It’s “all-or-none” when it comes to post-op infection prevention measures

By: June 30th, 2010 Email This Post Print This Post

For the last four years participating hospital have used six post-operative infection prevention measures from the Surgical Care Improvement Project (SCIP), including public reporting on compliance with those measures.

But a study published in the June 23/30 issue of the Journal of the American Medical Association (JAMA), concludes that adherence to individual measures are “not associated with a significantly lower probability of infection.”

Instead the authors determined that adherence to a “global all-or-none” approach lead to a much lower probability of post-operative infections. Adherence to this method resulted in a decreased likelihood of developing a postoperative infection from 14.2 to 6.8 postoperative infections per 1,000 discharges.

The SCIP measures are:

  • Patients who received prophylactic antibiotics within one hour prior to surgical incision (two hours if receiving vancomycin)
  • Patients who received prophylactic antibiotics recommended for their specific surgical procedure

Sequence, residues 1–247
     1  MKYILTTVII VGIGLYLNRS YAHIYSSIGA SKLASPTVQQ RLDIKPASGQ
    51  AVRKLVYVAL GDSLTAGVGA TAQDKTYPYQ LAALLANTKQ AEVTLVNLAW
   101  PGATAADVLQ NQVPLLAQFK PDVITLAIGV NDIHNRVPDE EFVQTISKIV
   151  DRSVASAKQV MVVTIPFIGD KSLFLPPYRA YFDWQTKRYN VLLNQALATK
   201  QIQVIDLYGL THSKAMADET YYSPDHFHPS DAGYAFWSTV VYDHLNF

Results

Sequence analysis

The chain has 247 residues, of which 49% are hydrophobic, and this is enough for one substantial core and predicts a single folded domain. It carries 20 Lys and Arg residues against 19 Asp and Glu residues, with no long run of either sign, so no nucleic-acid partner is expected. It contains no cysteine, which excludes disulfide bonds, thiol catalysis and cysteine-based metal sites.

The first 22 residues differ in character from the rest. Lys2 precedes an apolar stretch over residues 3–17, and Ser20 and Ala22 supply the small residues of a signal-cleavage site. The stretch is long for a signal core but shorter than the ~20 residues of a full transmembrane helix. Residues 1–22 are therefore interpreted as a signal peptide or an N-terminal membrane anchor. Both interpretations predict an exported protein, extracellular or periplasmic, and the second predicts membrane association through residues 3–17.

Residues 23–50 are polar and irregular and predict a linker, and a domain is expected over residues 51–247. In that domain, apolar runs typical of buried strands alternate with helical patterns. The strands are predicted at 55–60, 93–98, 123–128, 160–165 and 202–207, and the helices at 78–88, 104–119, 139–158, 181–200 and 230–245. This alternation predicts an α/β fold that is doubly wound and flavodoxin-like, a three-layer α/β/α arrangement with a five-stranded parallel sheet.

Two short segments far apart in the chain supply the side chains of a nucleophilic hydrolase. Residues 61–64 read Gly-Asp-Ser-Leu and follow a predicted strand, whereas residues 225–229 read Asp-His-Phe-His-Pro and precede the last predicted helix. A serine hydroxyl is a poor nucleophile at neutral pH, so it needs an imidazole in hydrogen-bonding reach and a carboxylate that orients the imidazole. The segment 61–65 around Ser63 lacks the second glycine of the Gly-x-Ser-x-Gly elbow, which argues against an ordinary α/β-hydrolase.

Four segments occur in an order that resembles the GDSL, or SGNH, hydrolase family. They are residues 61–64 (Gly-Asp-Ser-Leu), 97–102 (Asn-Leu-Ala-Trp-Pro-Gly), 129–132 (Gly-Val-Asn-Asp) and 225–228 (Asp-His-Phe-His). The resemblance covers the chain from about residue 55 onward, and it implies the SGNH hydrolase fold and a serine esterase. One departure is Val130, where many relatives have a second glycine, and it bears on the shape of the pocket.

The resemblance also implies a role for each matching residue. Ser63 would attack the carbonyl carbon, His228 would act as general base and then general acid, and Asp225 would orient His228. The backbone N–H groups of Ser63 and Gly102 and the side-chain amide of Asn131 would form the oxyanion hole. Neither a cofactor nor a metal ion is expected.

• Patients whose prophylactic antibiotics were discontinued within 24 hours after surgery end time (48 hours for coronary artery bypass graft surgery or other cardiac surgery)
  • Cardiac surgery patients with controlled 6 AM postoperative blood glucose level (≤200 mg/dL [≤11.1 mmol/L])
  • Surgery patients with appropriate surgical site hair removal with clippers or depilatory or those not requiring surgical site hair removal
  • Colorectal surgery patients with immediate postoperative normothermia (first recorded temperature was ≥96.8°F within first 15 minutes after leaving the operating room)

“Based on our findings, the individual item performance rates reported publicly do not fulfill their stated purpose of pointing consumers toward high-quality hospitals,” the authors wrote. “However, when taken in aggregate, improved performance on our global all-or-none composite measure is associated with improved outcomes at the discharge level. Therefore, while the individual items may not imply quality differences, the overall ability to demonstrate adherence to multiple SCIP processes of care may. Improved methods for identification of quality of care are necessary to be able to define improvements in patient outcomes, and to justify the massive investment of time and money in tracking these processes of care.”

 

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